Data Science is hot. Fortunately, the recently released ebook The Art of Data Science (A Guide for Anyone Who Works with Data) doesn’t waste space on trendy technologies, and focuses instead on the enduring fundamentals of data analysis. I can forgive the authors for choosing a topical title, however, because few people are better qualified to capitalize on the trend as Johns Hopkins Professors (and expert data-handlers) Roger Peng and Elizabeth Matsui.
No exercises accompany this book, and although there are a few snatches of R code, it’s not meant to be used as a handbook for data analysis. Instead, it teaches readers how to think like a (productive) data analyst. Peng and Matsui break the process of analyzing data into a list of core activities, which begins with defining the question and ends with communicating the results. Instead of presenting this as a linear process, they describe an “epicycle of data analysis”, a pattern of thinking and acting that is repeated in all of the core activities. The authors explain that an analyst will often cycle through this pattern several times during a single activity, and that the process often sends scientists back to earlier steps. Readers learn that real world data analysis is like playing Chutes and Ladders on a board with no ladders.
I would recommend this book to any reader who’s interested in this year’s sexiest career – especially those annoyed that anybody would label a career “sexy”. However, I think this book is most valuable as a companion to introductory statistics classes, as it fills in key gaps left by traditional statistics curricula. This is particularly true for students, such as those at the beginning of a postgraduate education, who expect to analyze real data by the time the course has finished. Stats teachers have to cover a lot of ground in classes that begin with stories about ball-filled urns (some lucky students get actual candy) and end with ANOVA tables. In the end, few future scientists finish the term with much more than a list of specific tests that can be matched to familiar situations. Although most students gain additional training during their graduate student apprenticeship, an education in data analysis competes for time with the acquisition of domain knowledge and more specific skills. This often leads to a cargo-cult approach to data analysis among people who are specifically trained to seek out truth. I believe that reading this book will help counteract these shortcomings.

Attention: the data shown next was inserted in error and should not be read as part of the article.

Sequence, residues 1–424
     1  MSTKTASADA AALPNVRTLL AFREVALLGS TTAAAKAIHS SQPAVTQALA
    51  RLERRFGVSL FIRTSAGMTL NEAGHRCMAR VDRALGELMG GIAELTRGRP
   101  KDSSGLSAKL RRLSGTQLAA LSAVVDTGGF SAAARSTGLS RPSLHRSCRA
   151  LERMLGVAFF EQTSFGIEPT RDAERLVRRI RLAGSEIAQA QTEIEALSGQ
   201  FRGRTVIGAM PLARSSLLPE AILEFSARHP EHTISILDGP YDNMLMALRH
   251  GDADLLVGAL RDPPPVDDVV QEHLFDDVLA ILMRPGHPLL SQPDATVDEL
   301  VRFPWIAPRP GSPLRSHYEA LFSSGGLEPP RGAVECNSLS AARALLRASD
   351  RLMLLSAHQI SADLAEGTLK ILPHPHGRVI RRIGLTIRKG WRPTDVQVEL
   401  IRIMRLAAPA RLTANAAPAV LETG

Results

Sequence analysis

My favorite chapters discuss the process of building models of data, and I really appreciate that the authors describe the difference between modeling for inference (i.e., statistical modeling) and modeling for prediction (i.e., machine learning). As a grad student, I had completed my program’s required stats classes before I really understood the relationship between “running a (statistical) test” and “fitting a model”; learning this lesson earlier would have made me better at both. I also like that the book encourages analysts to build visualizations of their data early and often. This indispensable process has become much easier in recent years as new libraries in several programming languages streamline the process of tidying and plotting complicated data. The only section that I would like to see expanded is the chapter on communication, which might have benefitted from a brief discussion on building visualizations for an audience. I suppose that this omission may have been intentional; there are so many new developments in dataviz, such as a shift toward dynamic and interactive visualizations, that it would be difficult to write something that won’t soon be out of date.
If you’re new to data analysis, or interested in integrating a more formal (but still flexible) framework into your practice, I think you’ll find The Art of Data Science to be worth a look. It is a quick read and available at a pay-what-you-like price, so even poor grad students have no excuse not to.